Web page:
Hummingbirds are the only birds that consistently hover in flight. The unique anatomy of the bones and muscles of the wing and its attachment at the shoulder joint allow hummingbirds to fly even backward. While hovering, a hummingbird beats its wings at a rate of around 55 times per second. That rate increases to at least 75 times per second when flying forward at full speed.
Hummingbirds use up a lot of energy for flight. Research on these birds reveals that some of them can consume half their total weight in sugar every day. For example, an adult Ruby-throated Hummingbird weighs about one-tenth ounce (3 grams, or about the weight of one U.S. penny), so it must find 0.05 ounces (1.5 grams) of sugar daily. For a hummingbird this may represent 50 to 60 full course meals a day. Home owners can use this knowledge to attract hummingbirds to their back yards.
Hummingbirds have a surprisingly efficient, highly extensible, tubular tongue which reaches deep into a flower to suck up nectar. The hummingbird also uses his bill to catch small spiders and insects from within flowers for essential protein supplements to its diet.
For attracting hummingbirds, try offering a nectar feeder! You can either use a convenient pre-made mixture or make your own. If making your own solution, use the recommended one part granulated sugar and four parts water (a weaker, less expensive solution of one part sugar to five parts water also may be acceptable). One cup of sugar mixed with four cups of water makes a good amount for starters. Bring the water to a rolling boil and add the sugar, stirring the mixture to dissolve the sugar completely. Let the sugar solution cool to room temperature and fill the hummingbird feeder. The feeder should be checked every two to three days to be refilled. At least once a week it should be washed completely then rinsed very thoroughly to deter growth of molds and bacteria, which can grow rapidly in the sugar solution on warm summer days and may be harmful to hummingbirds.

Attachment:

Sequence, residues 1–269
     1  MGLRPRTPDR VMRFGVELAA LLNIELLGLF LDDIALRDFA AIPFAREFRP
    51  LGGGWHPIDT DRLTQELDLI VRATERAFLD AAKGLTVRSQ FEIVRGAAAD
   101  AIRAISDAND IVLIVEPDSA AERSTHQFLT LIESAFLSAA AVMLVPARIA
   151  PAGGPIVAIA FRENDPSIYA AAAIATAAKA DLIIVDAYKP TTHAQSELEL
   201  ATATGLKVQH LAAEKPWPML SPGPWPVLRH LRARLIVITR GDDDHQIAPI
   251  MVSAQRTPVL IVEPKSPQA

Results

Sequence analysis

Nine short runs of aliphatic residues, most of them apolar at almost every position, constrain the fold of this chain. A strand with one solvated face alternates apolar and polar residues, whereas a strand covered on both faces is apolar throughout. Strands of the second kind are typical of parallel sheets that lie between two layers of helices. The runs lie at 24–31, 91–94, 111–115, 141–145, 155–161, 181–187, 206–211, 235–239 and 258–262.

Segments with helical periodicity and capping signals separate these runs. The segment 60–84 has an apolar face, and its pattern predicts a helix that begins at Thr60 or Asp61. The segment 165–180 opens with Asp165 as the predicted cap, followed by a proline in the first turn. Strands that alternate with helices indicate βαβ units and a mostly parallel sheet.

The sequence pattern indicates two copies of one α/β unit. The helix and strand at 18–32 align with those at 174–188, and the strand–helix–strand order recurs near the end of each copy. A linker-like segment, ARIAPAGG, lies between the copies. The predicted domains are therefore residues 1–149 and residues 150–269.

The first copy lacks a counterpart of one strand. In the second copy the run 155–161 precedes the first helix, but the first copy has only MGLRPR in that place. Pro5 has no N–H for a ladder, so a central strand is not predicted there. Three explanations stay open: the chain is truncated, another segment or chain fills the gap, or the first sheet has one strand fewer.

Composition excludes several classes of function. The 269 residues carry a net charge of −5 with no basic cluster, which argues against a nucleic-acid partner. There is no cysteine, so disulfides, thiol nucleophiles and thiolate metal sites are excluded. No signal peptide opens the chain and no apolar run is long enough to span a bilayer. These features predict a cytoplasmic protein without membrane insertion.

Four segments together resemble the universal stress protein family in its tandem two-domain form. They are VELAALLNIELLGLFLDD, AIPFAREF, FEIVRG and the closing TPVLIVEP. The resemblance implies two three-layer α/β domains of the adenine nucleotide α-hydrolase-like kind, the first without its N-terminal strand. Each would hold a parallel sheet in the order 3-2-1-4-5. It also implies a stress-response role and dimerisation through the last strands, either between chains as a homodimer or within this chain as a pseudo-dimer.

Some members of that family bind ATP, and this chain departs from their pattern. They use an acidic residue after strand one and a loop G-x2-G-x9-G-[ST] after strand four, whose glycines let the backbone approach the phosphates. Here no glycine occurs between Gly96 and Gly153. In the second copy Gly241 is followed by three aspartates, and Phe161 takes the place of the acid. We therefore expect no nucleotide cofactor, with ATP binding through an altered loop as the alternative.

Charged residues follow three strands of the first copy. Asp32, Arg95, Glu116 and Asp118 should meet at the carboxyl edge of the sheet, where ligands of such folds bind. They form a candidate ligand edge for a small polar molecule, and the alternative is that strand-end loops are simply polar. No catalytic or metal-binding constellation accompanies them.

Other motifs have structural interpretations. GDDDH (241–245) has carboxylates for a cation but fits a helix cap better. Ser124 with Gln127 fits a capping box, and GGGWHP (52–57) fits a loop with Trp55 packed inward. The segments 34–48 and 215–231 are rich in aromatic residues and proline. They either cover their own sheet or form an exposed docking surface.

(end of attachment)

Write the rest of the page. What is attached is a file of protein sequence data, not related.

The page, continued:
If you want to attract hummingbirds to your yard over the long term, it is recommended that you also give serious consideration to planting perennials that are naturally attractive to hummingbirds. The Rock Pile Garden Center will be carrying a number of perennials sure to please hummimgbirds such as bee-balm, columbine, lobelia, astilbe, coreopsis, dianthus, foxglove, echinacea, blanket flower, lavender, garden phlox, Russian sage, sedum and veronica. Add these shrubs to your yard for even more hummers: weigela, crapemyrtle and leptodermis. With a little care the flowers represent a long-term investment. Another plus in planting flowers to attract hummingbirds is that many of the same plants that attract hummingbirds also attract butterflies. For a list of plants that Hummingbirds will love CLICK HERE!
Press play below to hear the Ruby-throated Hummingbird.
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